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Windows 7: Drive letters...

08 Nov 2009   #1
TheAnonymity

Windows 7 Ultimate x86 7600.16385
 
 
Drive letters...

After a recent HDD failure, my manufacturer sent me a new one, as my warranty is still valid. After I purchased the full version of Windows 7 Professional, I burned it onto a disk, and booted my computer from the CD rom drive. It's only an 80 GB hard drive, but I had 4 partitions. 1. (EISA Config), 2. (C:-Windows XP Professional) 3. (E:-Empty, reserved for win7), 4. (DellRestore).. after I booted from the CD ROM drive with my windows 7 installation disk inserted, I was asked which partition I would like to install 7 on. I chose E:, because it's the partition I was reserving for it. After installing windows 7, I realize my C: (Windows XP Pro) drive has been bumped to D:, and my CD-ROM drive is now E:, and win7 is on C:. I'm aware that this can cause problems when trying to install software or games from a disk, so I'd like to know how to fix it. Also, I should note, all of my Shortcuts which were in C:, which changed to D:, are now non-working, as they refer to a C: directory. Any advice in these matters would be appreciated. Thanks..

~TA


My System SpecsSystem Spec
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08 Nov 2009   #2
Dinesh

Windows® 8 Pro (64-bit)
 
 

You should not face any issues in installing softwares. Earlier when I installed Window 7, its was on C drive. When I installed Windows XP as dual boot, it gained H drive letter. So whenever I install any software on XP, it directly goes into H:\Program Files.

You can change the drive letter by clicking Start and in the Start search box, type diskmgmt.msc and press enter. Right click the drive which you would like to change the drive letter and choose the available letter.
However, changing Drive letters can cause serious problems to either of the OS and may stop booting.
My System SpecsSystem Spec
08 Nov 2009   #3
Brink

64-bit Windows 10 Pro
 
 

Hello TheAnonymity,

Whatever OS you boot to will show as the C: drive by default. It cannot be changed.

I'm not sure what shortcuts from where you are referring to. You cannot use shortcuts to run programs from the XP partition in Windows 7 if that is what you are trying to do though. If you have installed the programs in Windows 7, then they should be pointed to the C: drive as well. If, not then you may need to change the shortcut's properties target location, or reinstall the program.

Hope this helps,
Shawn
My System SpecsSystem Spec
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08 Nov 2009   #4
TheAnonymity

Windows 7 Ultimate x86 7600.16385
 
 

Appreciated. Also, how safe would it be to just entirely delete my XP partition, and expand my 7 partition?
My System SpecsSystem Spec
08 Nov 2009   #5
Brink

64-bit Windows 10 Pro
 
 

Since XP was installed first and most likely is the boot partition, you would have to repair the Windows 7 MBR file after deleting XP. If the XP partition is to the left of the Windows 7 partition in Disk Management, then you would need to use a program like GParted instead to extend Windows 7 into the now "Unallocated Space" from the deleted XP partition.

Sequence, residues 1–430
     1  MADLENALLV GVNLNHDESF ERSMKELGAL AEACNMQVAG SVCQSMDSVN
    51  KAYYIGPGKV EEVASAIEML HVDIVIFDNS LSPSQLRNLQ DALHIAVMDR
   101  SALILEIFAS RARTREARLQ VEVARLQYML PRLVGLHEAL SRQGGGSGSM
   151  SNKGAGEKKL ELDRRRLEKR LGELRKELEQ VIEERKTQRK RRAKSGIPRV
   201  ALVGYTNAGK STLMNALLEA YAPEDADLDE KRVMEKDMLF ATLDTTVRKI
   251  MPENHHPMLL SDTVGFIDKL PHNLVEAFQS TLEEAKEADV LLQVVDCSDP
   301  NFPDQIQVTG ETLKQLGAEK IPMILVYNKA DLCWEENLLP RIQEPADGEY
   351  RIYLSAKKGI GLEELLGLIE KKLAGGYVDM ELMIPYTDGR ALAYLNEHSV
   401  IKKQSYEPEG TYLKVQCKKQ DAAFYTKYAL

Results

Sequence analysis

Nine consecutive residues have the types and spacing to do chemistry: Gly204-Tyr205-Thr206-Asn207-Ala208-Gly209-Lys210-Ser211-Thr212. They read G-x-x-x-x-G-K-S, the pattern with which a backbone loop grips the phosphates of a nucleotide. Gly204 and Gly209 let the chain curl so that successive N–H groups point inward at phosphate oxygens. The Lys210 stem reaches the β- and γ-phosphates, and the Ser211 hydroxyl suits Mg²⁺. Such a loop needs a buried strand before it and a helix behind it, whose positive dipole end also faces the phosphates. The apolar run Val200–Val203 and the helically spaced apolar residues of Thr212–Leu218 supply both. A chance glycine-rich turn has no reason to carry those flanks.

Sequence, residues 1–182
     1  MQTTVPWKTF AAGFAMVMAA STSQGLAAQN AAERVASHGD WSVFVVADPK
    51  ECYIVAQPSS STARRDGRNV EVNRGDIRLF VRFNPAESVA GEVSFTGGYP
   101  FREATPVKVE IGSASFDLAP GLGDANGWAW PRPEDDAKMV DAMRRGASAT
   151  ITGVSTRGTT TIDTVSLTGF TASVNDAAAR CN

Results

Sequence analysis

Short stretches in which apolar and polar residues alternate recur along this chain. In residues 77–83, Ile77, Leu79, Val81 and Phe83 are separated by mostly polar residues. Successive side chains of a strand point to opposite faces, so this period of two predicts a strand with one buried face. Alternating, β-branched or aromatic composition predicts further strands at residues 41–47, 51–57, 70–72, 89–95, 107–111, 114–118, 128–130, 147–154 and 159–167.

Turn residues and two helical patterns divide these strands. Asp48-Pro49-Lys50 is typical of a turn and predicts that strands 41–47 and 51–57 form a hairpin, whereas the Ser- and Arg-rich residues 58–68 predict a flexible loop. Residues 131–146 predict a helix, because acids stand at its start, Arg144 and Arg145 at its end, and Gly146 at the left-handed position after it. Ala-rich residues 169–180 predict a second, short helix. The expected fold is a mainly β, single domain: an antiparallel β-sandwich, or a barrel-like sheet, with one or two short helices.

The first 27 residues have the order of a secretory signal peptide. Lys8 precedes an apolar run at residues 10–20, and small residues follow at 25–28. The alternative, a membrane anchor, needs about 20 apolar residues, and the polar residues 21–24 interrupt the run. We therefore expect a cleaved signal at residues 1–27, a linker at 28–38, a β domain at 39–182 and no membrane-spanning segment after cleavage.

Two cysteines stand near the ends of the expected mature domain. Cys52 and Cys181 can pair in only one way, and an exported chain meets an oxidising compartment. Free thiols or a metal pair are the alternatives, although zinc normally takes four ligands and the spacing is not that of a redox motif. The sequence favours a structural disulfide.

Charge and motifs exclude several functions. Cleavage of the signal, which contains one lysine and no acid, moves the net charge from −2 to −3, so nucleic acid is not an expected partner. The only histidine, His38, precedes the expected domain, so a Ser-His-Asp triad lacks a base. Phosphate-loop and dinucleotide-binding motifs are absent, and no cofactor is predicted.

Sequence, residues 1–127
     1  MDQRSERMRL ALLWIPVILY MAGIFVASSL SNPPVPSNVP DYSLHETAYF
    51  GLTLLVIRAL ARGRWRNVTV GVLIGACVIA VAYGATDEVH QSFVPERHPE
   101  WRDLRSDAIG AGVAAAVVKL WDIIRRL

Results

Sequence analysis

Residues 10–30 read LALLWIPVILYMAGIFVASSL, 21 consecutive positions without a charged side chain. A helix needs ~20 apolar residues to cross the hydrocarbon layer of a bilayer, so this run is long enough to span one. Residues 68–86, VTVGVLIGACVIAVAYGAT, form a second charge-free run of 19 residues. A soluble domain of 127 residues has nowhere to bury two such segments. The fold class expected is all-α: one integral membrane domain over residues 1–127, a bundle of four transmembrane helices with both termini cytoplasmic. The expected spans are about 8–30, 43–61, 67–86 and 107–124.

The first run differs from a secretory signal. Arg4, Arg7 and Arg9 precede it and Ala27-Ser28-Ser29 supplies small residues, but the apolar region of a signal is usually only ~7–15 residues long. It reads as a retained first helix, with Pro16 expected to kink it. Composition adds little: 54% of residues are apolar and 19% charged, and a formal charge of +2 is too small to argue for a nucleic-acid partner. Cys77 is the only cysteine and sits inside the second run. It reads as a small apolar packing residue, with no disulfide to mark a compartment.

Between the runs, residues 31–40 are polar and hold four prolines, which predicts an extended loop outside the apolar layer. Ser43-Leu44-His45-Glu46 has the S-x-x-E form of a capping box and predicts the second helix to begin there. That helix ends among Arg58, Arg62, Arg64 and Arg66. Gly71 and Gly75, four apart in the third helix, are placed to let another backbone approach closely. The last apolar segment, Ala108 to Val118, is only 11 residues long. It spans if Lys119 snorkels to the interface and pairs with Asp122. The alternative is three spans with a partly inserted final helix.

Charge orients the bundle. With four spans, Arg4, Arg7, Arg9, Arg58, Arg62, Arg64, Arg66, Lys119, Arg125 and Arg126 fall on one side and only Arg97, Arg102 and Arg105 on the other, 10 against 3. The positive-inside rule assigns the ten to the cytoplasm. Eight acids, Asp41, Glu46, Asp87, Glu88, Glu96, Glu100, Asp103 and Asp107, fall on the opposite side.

Be sure to backup anything that you do not want to lose to be safe though.
My System SpecsSystem Spec
08 Nov 2009   #6
TheAnonymity

Windows 7 Ultimate x86 7600.16385
 
 

Quote   Quote: Originally Posted by Brink View Post
Hello TheAnonymity,

Whatever OS you boot to will show as the C: drive by default. It cannot be changed.

I'm not sure what shortcuts from where you are referring to. You cannot use shortcuts to run programs from the XP partition in Windows 7 if that is what you are trying to do though. If you have installed the programs in Windows 7, then they should be pointed to the C: drive as well. If, not then you may need to change the shortcut's properties target location, or reinstall the program.

Hope this helps,
Shawn
Regarding your post, what I mean is:
When I boot onto XP, it shows the drive letter as D: still. All of my shortcuts in the XP partition are invalid because they refer to the C: partition, which my 7 installation is on.
My System SpecsSystem Spec
08 Nov 2009   #7
TheAnonymity

Windows 7 Ultimate x86 7600.16385
 
 

This is a screenshot of my Disk Management..

My System SpecsSystem Spec
08 Nov 2009   #8
Brink

64-bit Windows 10 Pro
 
 

You might see if only creating new shortcuts for each program directly from the program's exe file may work. If not, then you will need to reinstall each program in XP.


If you still wanted to delete the XP partition, you can. You will need to right click on the Windows 7 partition in Disk Management first, and mark it as "Active". Afterwards, you can delete the XP partiton, and use a program like Gparted to extend the Windows 7 partition into the now unallocated space.
My System SpecsSystem Spec
08 Nov 2009   #9
TheAnonymity

Windows 7 Ultimate x86 7600.16385
 
 

I have Acronis Disk Director Suite. Will that work for expanding?
My System SpecsSystem Spec
08 Nov 2009   #10
Brink

64-bit Windows 10 Pro
 
 

It should.
My System SpecsSystem Spec
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